Most discussions of Fiona Tan's work focus on the artist's migrant and mixed-race identity. Tan has an Indonesian-Chinese father and Anglo-Australian mother; she was born in Pekan Baru, Indonesia, spent her formative years in Melbourne, Australia, and has spent most of her adult life in the Netherlands. She is rarely described as ‘merely’ a Dutch or European artist but rather designated as ‘a global citizen’ whose works draw ‘critical connections between these places and their cultures’. This article offers a reading of Tan's deployment of temporality as demonstration of her engagement with the changing ethno-politico landscape in the Netherlands. Deploying Rothberg and Yildiz's concept of ‘acts of citizenship’, the author reads Tan's The Changeling (2006) and Provenance (2008) as politicized acts of migrant citizenship in Europe.
The artists Nobuho Nagasawa and Chiharu Shiota defy the typical profile of ‘Japanese/women artists’. They were educated in Europe and have both lived in Berlin. They have resided in cosmopolitan cities outside Japan and exhibited their works globally over the last decade. Their travels helped them attain the perspective of the ‘outsider’ and enriched their artistic creation. Their mobility also lent complexity to their identities, which could no longer be pigeon-holed according to ethnic or cultural origin. These artists’ career paths and their growing reception in the global art scene pose important questions about being an artist of Asian origin working outside one's home country. Through in-depth analysis this article demonstrates how the work of these two artists transcends the conventionally held presumptions regarding ‘Japanese/women artists’. It also considers how they both internalize cultural displacement within their work, while catalysing artistic dialogue beyond national and cultural borders.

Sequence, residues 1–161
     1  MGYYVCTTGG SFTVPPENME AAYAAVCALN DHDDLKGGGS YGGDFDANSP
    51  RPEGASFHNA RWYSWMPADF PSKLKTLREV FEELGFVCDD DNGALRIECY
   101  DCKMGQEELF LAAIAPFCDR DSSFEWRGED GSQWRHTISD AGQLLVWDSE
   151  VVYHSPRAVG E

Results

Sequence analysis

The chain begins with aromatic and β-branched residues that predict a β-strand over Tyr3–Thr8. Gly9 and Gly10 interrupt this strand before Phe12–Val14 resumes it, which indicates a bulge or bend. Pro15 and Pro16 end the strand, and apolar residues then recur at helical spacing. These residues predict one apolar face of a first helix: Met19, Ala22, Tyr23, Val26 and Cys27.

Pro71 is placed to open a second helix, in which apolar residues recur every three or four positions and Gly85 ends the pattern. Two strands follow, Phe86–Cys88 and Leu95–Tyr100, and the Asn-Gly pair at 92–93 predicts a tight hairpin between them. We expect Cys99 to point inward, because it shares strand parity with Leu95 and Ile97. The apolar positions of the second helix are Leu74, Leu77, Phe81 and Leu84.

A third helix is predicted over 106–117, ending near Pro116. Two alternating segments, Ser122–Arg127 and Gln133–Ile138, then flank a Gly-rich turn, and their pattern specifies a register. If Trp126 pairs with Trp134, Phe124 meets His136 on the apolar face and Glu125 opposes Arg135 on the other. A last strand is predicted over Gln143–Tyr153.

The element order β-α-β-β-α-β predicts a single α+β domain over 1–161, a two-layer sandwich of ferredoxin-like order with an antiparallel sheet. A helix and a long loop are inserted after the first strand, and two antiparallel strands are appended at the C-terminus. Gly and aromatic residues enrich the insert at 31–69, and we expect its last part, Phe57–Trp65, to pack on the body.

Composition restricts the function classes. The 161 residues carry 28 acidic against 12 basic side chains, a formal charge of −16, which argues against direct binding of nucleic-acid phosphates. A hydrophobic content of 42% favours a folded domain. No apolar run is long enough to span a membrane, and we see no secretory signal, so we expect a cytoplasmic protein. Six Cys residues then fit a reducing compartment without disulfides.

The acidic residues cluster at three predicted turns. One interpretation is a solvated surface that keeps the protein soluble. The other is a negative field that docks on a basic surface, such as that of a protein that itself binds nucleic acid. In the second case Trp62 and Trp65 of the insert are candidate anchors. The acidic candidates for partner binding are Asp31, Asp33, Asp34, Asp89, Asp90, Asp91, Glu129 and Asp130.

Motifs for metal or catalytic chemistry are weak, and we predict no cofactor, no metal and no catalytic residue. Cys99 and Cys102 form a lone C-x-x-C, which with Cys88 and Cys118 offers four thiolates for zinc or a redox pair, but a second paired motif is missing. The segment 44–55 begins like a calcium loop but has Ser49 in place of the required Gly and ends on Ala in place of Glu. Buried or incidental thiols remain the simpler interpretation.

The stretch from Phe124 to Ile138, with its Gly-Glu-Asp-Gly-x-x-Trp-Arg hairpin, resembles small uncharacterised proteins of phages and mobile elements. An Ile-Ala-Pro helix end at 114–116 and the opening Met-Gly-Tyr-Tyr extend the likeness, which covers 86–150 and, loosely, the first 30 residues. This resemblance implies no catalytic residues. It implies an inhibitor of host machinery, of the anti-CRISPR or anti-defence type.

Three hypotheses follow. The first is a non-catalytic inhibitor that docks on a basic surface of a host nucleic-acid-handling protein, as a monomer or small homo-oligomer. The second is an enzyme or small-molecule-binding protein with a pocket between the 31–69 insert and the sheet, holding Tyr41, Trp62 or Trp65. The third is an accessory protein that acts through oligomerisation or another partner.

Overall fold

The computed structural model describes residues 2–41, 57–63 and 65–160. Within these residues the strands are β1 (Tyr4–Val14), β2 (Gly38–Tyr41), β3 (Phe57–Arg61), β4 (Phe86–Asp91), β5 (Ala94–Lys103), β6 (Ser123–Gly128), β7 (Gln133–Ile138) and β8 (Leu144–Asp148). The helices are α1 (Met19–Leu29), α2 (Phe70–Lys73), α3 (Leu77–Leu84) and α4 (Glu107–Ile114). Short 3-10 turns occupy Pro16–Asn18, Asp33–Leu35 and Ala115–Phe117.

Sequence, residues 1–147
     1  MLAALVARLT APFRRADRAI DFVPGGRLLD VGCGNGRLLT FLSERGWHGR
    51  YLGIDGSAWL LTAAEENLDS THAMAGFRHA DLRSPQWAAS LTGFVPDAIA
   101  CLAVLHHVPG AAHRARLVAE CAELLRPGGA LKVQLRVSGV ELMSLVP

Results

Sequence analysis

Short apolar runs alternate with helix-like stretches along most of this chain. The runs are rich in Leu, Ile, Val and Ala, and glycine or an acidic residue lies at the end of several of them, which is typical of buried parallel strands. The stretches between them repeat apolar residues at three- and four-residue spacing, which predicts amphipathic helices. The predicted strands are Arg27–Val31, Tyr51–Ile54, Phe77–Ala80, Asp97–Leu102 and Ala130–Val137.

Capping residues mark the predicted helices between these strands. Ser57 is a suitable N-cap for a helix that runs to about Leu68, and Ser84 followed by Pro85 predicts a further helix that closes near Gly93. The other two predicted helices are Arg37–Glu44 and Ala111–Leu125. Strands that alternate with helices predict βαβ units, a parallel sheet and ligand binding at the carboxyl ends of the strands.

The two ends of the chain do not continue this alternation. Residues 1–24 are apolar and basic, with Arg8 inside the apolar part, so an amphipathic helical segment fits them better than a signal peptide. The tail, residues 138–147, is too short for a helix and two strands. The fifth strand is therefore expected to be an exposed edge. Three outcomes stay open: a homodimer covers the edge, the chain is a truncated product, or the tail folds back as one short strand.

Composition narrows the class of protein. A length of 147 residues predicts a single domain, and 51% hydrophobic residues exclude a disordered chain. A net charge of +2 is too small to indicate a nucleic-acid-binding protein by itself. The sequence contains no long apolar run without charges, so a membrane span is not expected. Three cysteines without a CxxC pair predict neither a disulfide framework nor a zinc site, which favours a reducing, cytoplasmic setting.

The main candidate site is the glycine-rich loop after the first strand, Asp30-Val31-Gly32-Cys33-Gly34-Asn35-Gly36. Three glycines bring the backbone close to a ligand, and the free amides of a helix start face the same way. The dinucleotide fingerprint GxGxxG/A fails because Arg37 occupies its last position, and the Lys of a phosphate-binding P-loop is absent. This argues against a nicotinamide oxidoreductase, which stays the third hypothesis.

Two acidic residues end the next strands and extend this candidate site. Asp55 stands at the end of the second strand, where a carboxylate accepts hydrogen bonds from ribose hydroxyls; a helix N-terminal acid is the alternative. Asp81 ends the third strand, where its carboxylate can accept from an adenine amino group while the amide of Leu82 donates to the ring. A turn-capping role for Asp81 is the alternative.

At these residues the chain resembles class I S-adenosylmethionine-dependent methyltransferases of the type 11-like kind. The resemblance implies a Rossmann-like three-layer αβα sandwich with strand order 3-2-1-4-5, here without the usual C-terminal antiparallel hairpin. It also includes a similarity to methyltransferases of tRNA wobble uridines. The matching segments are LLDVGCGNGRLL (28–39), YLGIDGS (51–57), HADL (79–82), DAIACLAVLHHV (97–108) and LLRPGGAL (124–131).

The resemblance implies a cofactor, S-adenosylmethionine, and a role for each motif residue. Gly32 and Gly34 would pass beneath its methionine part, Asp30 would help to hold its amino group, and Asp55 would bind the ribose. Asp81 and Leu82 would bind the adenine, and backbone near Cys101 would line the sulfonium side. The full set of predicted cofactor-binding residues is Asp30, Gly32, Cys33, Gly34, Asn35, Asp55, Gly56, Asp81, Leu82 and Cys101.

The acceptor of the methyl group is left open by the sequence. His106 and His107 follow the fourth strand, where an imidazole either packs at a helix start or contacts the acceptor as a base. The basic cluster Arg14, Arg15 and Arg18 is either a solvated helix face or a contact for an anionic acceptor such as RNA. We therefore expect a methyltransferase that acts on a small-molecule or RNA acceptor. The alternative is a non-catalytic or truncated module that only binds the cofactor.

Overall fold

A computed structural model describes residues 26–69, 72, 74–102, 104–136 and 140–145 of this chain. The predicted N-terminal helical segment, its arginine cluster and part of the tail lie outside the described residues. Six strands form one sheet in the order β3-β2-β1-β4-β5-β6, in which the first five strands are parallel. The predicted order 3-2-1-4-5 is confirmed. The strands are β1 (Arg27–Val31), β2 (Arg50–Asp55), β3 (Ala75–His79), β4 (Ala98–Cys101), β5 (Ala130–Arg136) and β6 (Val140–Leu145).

This article examines two recent installations, Genteel (2010) and Sweating Bone China (2009), by New England-based, Hawai‘i-born sculptor Lynne Yamamoto. Both projects, inflected by her background as the descendant of Japanese migrant plantation workers, interweave multiple themes of global circulation across geopolitical, cultural and temporal boundaries. The artist, via the visual interplay among evocative assemblages of sculptural elements drawn from personal and family history and local material culture – foodstuffs, consumer goods, the built environment – gestures toward the intimate ways in which people's lived experience, material circumstances, and the social and physical environment of Hawai‘i are complexly transformed and imprinted by larger systemic conditions. Her close scrutiny of such specific items brings into play the wide-ranging movement of people, goods, capital and influences that have indelibly shaped contemporary Hawai‘i's social and physical environment, and the profound historic impact of the US on the Asia Pacific region.
On 2 August 2013, Oscar Ho, Frank Vigneron, Lam Tung-pang and Samson Young met in Hong Kong to discuss the topical concerns, contemporary dynamics and historical constituencies of Hong Kong art in a specially convened roundtable discussion moderated by Dean Chan. Hong Kong's history as a British colony and its present status as a Special Administrative Region of the People's Republic of China simultaneously haunt and animate this provocative discussion. Hong Kong's hybrid ontology characterizes its unique place in the world but also serves as a source of tension vis-à-vis China. Hong Kong art is highlighted as an ongoing site for cultural critique, struggle and resistance, and functions as a situated context to undo anodyne notions of nationalism and fabricate newly limned localized identifications with reflexive transnational imaginings. The transnational mobility of Hong Kong artists today is harnessed as a critical means to focus on the local and the particular.
The journal is published in print and online by Routledge, Taylor & Francis Group.